Spain made war on the emancipation movement—the Nationalist movement. Spain also made war on Central and South America and the Antilles, including Puerto Rico. Spain made war on our people throughout the entire 19th century. While the Liberating Army, led by Simon Bolivar celebrated a victory in Boyaca and entered Bogota as the liberator of New Granada, the Spanish Army captured a secret society that rebelled in Yauco in 1820. Some town historians sustain that the army used firing squads to kill the leaders of the uprising in the public plaza. While McKinley celebrated his imperialist victory, the army was executing rebels captured in the town of Ciales. Isn't it war to execute by public firing squad those who rebel against the colonial State? That is exactly what Spain did with the small property-owners, journeymen, slaves, artisans, indentured servants and other sectors that protested against the colonial State during the entire 19th century. War Booty of 1898 Puerto Rico was invaded and occupied by military forces in 1898. Try as they may to justify martial law in Puerto Rico, bourgeoise jurists and local colonialists must accept that the colonial legislation imposed on the Puerto Rican people (Foraker and Jones Acts, ELA, etc) is the result of an act of war. The state of war continued for the duration of the military dictatorship, imposed from 1898-1900. After all military resistance had been silenced, either by disarming the people or destroying the armed focos that existed, the US government initiated psychological warfare. This kind of warfare was initiated during the military invasion and was continued by organizing all colonial structures whose purpose was the same—political oppression and economic exploitation. Almost instantly, a public school system was established to maintain imperialism and colonial ideology. The invaders instilled fear by means of terror and propagated the myth that if the US were to "abandon" Puerto Rico, the people would die of hunger. It is a little-known fact that this type of terror was the action by generals such as general Davis, who closed down various newpapers, among them, Combat, The Machinegun and The Bomb, as

The Puerto Rican Prisoners of War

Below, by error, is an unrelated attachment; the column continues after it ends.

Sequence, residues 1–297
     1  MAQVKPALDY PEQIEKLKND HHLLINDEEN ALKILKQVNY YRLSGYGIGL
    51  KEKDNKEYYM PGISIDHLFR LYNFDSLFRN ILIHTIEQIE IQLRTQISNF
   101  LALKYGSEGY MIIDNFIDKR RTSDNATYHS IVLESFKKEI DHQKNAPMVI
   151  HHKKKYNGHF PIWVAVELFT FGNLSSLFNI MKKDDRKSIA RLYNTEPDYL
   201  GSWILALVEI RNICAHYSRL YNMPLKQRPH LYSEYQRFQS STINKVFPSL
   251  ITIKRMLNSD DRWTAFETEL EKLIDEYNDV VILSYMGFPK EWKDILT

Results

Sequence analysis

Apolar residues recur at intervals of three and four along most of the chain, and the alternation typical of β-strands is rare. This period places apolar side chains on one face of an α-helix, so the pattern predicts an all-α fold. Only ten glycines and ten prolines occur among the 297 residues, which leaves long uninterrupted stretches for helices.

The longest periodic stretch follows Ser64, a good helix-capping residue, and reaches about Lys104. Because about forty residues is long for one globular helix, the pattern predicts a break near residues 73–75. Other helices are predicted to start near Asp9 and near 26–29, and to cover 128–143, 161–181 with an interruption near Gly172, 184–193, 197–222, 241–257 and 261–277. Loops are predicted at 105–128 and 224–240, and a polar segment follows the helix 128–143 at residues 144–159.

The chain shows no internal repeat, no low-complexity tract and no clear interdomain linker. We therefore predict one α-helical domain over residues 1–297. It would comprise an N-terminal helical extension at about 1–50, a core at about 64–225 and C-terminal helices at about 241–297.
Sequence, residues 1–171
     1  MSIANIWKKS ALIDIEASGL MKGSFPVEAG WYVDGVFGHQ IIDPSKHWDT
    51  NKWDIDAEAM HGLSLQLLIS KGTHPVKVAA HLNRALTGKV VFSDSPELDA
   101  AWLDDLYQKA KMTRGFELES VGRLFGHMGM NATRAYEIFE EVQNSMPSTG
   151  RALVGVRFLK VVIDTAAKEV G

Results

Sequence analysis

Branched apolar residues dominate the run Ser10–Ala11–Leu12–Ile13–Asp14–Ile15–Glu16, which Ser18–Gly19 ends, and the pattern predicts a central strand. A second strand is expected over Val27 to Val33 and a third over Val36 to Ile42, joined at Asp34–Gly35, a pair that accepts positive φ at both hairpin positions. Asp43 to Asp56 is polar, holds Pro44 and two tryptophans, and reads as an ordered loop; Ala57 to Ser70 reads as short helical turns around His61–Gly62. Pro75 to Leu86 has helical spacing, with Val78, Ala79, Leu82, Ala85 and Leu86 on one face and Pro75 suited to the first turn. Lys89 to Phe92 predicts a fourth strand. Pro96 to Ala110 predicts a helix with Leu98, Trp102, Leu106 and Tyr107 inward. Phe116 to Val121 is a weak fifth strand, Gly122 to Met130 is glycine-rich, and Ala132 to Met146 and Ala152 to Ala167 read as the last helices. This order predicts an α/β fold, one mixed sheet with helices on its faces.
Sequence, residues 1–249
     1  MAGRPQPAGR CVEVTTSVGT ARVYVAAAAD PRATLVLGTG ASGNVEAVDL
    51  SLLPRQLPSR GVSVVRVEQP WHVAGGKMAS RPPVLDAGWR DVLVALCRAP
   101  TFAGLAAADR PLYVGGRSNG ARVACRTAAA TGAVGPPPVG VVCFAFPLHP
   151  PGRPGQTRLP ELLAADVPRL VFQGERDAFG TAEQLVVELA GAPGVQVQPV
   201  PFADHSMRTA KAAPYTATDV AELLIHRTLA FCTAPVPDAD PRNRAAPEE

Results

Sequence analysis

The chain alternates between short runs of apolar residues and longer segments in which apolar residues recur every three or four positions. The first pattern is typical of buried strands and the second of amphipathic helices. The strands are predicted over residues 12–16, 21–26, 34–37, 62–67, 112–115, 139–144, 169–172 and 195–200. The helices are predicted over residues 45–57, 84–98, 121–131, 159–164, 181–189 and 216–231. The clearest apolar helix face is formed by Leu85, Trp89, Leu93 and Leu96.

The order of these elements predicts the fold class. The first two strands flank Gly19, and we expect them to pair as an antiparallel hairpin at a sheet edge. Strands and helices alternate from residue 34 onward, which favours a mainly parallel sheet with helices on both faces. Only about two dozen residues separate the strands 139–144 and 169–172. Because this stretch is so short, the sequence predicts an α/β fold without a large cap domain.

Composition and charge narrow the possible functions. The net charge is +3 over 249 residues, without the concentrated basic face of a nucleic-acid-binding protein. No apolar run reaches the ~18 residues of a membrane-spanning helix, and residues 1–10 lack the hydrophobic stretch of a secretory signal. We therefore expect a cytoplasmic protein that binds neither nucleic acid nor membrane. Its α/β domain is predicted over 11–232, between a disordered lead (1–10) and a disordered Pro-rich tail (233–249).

well as jailing journalists or reporters who supported independence for Puerto Rico or were critical of the dictatorship. According to the distinguished historian Loida Figueroa, general Davis threatened to shoot several reporters if they continued to speak out in favor of independence. The political history of that era is well known. The US military forces and police maintained a state of war against all liberation movements. The Independence Movement's Reply Confronted by this imperialist aggression and by this state of war maintained by the occupying forces, the independence movement replied with revolutionary violence. Since the beginning of the 19th Century, the independence movement has used revolutionary violence. The list of actions is extensive, ranging from the conspiracy at San German in 1809 to the uprising of Ciales, San German and Sabana Grande in 1898. The Spanish occupation forces were the object of more than thirty conspiracies. Some, like the Lares Uprising, the riots and sedition of 1897 and the Secret Societies at the end of the Century, became popular rebellions. Another important act of revolutionary violence was that carried out by the slaves. By 1873, over twenty slave conspiracies had been carried out, including some of great political importance such as the Ponce and Vega Baja conspiracies. Since the beginning of the North American invasion, the independence movement has responded with revolutionary violence to each aggression. In 1898, there was military resistance, albeit isolated, by guerrilla groups. This spontaneous movement, while neither of a popular character or supported by the institutionalized independence movement, remains a testament to the volition and commitment to our national sovereignty. It was a historic response, symbolic because it came at a difficult moment in which certain sectors of the independence movement believed that the invasion was a liberating process and other sectors of Puerto Rican separatism believed in annexation. Some desired independence from Spain in order to be annexed by the US. As I have pointed out since 1976, by the end of the 19th Century, Puerto Rican separatism was divided into two tendencies, independence-oriented separatists